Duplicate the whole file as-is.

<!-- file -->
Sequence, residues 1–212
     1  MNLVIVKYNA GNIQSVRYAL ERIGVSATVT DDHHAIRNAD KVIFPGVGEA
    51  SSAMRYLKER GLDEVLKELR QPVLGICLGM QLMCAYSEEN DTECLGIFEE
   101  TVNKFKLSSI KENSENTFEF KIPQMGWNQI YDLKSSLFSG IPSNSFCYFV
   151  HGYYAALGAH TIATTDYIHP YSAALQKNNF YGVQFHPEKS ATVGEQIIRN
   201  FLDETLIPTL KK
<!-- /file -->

Sequence, residues 1–212
     1  MNLVIVKYNA GNIQSVRYAL ERIGVSATVT DDHHAIRNAD KVIFPGVGEA
    51  SSAMRYLKER GLDEVLKELR QPVLGICLGM QLMCAYSEEN DTECLGIFEE
   101  TVNKFKLSSI KENSENTFEF KIPQMGWNQI YDLKSSLFSG IPSNSFCYFV
   151  HGYYAALGAH TIATTDYIHP YSAALQKNNF YGVQFHPEKS ATVGEQIIRN
   201  FLDETLIPTL KK